I honestly did not realize that this was a non-fiction book when I read it. I was reading it for a Random Readers book club that I had joined, and it was not until another reader mentioned googling some of the characters in this non-fiction literary work that I knew my mistake. I laughed all through the book, sometimes side-splitting laughter, but was confused toward the end in that there did not seem to be a cohesive plot. Yet I thoroughly enjoyed the read.
Ronson, a journalist in real life and within the character of the book, takes the reader through his design to write a book on psychopaths in the corporate world. THAT book never really gets written. He presents his interviews and acquaintances in hilarious anecdotes. His style is stream of consciousness, and it comes off more as a fiction read than a non-fiction read. That is not necessarily a bad thing, unless you are looking for a seriously objective scientific examination of Bob Hare’s Psychopath Checklist in this, “Journey through the madness industry,” as an inside look into criminal profiling. You won’t find that here.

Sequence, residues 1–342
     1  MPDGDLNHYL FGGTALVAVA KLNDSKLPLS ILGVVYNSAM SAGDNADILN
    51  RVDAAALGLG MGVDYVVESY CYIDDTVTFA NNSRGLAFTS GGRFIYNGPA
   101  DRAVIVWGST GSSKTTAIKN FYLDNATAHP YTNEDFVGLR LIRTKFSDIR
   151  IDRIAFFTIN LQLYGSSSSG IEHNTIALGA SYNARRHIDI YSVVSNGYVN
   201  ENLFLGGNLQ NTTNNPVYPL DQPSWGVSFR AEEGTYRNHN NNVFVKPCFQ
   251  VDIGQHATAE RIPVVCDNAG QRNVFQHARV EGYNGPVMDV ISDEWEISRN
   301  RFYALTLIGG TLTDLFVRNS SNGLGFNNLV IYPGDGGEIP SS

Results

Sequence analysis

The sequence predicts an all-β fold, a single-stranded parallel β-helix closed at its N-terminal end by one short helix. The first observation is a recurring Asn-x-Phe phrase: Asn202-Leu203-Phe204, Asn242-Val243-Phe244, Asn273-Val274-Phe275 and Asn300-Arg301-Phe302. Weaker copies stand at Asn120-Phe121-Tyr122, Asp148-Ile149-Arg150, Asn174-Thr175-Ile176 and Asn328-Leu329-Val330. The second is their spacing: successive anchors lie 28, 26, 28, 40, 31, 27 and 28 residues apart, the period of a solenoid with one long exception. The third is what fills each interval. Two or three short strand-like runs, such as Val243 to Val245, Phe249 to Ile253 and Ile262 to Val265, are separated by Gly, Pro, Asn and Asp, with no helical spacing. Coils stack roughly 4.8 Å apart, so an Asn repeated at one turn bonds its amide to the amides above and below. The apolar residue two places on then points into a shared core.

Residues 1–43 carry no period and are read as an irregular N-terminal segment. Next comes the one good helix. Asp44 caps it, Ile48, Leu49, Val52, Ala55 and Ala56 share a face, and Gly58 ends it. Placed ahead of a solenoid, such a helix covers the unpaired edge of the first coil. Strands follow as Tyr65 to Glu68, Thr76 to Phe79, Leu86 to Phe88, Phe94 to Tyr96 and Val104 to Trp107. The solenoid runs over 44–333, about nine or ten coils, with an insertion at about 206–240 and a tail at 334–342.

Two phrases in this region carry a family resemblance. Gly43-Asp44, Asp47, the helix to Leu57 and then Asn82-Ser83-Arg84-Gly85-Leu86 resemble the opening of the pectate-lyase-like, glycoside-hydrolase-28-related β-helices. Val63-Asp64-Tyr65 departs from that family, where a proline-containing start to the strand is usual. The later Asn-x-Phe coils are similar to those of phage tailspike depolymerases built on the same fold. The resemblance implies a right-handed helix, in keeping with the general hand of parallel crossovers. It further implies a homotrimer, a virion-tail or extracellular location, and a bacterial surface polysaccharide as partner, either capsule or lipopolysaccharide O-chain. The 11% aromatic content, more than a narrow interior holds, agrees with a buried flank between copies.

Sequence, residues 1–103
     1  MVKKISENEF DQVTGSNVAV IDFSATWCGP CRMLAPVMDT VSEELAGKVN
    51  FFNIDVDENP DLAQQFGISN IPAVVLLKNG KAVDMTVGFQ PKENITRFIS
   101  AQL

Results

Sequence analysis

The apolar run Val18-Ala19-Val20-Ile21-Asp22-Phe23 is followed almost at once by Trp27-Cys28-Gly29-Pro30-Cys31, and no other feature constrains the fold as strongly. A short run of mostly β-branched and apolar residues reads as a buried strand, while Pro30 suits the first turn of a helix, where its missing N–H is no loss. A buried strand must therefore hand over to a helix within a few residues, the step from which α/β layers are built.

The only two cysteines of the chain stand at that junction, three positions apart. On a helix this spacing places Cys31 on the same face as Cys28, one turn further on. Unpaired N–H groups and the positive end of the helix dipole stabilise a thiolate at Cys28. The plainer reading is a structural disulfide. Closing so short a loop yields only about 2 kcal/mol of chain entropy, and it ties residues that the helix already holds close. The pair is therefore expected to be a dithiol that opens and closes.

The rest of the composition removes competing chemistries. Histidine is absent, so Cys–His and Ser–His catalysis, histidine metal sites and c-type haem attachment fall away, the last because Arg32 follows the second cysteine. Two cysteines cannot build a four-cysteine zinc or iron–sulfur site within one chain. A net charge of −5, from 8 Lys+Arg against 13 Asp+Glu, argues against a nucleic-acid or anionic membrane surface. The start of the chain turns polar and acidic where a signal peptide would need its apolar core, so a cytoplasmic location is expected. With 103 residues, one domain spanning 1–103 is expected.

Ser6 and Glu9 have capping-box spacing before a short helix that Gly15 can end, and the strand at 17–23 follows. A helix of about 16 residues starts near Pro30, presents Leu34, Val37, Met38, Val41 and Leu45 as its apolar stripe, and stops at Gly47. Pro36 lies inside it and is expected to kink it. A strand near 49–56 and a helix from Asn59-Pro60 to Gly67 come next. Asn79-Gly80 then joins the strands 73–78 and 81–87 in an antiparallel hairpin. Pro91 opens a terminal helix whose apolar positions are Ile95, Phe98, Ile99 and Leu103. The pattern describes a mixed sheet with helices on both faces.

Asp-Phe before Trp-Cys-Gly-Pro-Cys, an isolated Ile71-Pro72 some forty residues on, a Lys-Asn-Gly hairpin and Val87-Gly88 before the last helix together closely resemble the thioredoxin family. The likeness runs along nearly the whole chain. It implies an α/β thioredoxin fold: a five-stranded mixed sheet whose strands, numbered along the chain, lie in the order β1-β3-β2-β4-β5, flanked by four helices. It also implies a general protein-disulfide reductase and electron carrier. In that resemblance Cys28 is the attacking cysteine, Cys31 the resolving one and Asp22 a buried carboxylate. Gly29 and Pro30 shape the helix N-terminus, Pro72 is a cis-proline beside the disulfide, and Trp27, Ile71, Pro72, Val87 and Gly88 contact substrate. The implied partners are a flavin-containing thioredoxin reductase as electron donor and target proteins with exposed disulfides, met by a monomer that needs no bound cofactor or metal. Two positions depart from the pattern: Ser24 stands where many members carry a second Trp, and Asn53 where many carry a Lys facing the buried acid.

What you will find is a light-hearted and humorous examination of the debate between Scientology and Psychiatry in anecdotal evidences. You will find yourself suddenly suspecting your neighbors, even your spouse…not to mention diagnosing your very own neuroses. You will bond with characters, like Tony, a young man who deliberately feigns insanity to stay out of prison, only to find himself locked up indefinitely in a psych ward. Some of the characters seem very nasty, even frightening, and others are the guy next door. There is some redundancy in paragraphs that are repeated and the author seems a bit scattered at times as he attempts to pull his examinations and evidences together. All in all, I would give him four stars and recommend the read.